By Sarah Smarsh. 2020
In this Time Top 100 Book of the Year, the National Book Award finalist and New York Times bestselling author…of Heartland &“analyzes how Dolly Parton&’s songs—and success—have embodied feminism for working-class women&” (People). Growing up amid Kansas wheat fields and airplane factories, Sarah Smarsh witnessed firsthand the particular vulnerabilities—and strengths—of women in working poverty. Meanwhile, country songs by female artists played in the background, telling powerful stories about life, men, hard times, and surviving. In her family, she writes, &“country music was foremost a language among women. It&’s how we talked to each other in a place where feelings aren&’t discussed.&” And no one provided that language better than Dolly Parton. In this &“tribute to the woman who continues to demonstrate that feminism comes in coats of many colors,&” Smarsh tells readers how Parton&’s songs have validated women who go unheard: the poor woman, the pregnant teenager, the struggling mother disparaged as &“trailer trash.&” Parton&’s broader career—from singing on the front porch of her family&’s cabin in the Great Smoky Mountains to achieving stardom in Nashville and Hollywood, from &“girl singer&” managed by powerful men to self-made mogul of business and philanthropy—offers a springboard to examining the intersections of gender, class, and culture. Infused with Smarsh&’s trademark insight, intelligence, and humanity, this is &“an ambitious book&” (The New Republic) about the icon Dolly Parton and an &“in-depth examination into gender and class and what it means to be a woman and a working-class hero that feels particularly important right now&” (Refinery29).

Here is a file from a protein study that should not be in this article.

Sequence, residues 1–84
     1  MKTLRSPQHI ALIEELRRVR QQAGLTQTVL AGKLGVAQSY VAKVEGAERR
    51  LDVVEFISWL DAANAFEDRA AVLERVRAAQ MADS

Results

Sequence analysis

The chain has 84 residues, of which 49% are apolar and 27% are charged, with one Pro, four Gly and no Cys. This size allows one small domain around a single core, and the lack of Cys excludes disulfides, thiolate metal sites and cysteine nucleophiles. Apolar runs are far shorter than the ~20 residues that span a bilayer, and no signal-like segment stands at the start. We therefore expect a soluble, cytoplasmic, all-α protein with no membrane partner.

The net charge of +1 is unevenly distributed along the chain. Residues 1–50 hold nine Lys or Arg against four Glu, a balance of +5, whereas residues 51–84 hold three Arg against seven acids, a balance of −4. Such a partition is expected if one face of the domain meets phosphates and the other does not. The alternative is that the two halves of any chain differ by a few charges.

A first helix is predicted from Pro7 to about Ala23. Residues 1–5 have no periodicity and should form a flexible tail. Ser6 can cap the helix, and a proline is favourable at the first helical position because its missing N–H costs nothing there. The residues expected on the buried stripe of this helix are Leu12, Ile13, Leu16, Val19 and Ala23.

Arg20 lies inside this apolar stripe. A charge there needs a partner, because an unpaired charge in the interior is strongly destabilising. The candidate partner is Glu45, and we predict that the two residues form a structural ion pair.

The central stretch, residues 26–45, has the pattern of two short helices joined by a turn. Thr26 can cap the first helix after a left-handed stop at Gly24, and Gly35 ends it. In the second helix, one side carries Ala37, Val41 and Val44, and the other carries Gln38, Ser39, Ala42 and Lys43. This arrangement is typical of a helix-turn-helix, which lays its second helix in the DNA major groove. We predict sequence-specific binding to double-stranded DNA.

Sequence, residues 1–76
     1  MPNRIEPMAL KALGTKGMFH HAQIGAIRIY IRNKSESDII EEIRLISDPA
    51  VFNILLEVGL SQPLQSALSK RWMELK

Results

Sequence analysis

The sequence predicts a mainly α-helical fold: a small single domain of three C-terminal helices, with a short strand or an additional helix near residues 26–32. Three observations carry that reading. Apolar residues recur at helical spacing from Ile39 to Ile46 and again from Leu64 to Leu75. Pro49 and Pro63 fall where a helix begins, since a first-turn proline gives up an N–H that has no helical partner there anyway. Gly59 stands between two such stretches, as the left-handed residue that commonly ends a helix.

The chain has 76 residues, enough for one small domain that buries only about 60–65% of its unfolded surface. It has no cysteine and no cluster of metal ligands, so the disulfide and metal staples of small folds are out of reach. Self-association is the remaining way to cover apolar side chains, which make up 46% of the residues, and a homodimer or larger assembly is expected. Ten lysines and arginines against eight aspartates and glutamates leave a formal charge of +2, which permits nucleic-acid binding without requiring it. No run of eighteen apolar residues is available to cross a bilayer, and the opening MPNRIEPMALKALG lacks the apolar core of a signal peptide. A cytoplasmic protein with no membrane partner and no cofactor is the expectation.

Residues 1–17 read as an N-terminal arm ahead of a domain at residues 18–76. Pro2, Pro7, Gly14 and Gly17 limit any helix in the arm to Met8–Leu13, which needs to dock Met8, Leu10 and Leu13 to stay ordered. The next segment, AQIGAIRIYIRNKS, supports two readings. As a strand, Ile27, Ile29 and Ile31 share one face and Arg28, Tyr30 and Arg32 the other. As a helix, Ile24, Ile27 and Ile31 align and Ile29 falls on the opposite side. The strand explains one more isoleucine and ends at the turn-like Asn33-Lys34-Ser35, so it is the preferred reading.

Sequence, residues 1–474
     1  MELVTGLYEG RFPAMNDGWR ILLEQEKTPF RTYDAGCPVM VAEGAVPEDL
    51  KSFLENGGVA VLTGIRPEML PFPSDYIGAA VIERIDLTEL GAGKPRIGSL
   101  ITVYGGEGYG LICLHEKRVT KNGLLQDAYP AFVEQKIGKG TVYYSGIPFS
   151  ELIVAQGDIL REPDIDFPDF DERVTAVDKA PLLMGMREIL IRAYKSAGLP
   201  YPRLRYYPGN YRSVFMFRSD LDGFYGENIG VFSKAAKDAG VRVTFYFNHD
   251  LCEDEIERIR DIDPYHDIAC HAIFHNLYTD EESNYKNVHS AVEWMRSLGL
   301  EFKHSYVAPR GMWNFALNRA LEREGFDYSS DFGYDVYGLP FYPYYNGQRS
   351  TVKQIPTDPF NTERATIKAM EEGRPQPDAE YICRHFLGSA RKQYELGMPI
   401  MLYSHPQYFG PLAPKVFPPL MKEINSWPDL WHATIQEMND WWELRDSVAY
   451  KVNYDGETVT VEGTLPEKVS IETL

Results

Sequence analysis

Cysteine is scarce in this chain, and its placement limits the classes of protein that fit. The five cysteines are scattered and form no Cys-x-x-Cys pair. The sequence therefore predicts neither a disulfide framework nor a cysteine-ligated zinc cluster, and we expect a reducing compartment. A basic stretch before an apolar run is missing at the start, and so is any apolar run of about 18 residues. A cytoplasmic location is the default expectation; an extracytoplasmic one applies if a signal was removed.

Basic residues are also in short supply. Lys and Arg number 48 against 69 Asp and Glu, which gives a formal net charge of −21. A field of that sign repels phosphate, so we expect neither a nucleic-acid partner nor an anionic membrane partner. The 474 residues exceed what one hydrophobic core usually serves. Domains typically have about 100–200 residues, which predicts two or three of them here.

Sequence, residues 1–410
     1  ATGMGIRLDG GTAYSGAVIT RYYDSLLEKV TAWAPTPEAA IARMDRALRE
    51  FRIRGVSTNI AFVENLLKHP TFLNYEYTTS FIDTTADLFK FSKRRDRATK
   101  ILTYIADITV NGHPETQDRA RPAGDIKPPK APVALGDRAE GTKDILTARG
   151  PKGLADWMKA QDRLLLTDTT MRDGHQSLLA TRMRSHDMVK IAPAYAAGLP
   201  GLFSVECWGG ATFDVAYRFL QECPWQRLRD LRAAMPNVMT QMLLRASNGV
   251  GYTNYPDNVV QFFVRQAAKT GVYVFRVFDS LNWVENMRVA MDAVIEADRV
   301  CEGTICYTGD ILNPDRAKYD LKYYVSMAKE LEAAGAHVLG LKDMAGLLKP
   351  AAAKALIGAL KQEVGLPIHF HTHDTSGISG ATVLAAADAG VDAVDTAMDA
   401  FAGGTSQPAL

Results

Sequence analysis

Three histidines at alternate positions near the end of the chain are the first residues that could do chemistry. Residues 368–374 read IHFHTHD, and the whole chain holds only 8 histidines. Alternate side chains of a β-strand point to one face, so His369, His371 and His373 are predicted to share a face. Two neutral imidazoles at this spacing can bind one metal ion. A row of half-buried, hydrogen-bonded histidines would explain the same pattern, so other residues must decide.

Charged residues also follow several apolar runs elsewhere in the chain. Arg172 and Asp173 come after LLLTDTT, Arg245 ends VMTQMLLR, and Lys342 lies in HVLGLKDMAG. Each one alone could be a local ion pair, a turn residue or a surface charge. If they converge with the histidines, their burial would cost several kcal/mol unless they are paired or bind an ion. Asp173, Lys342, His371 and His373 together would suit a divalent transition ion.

By Bill C. Malone, David Stricklin. 1979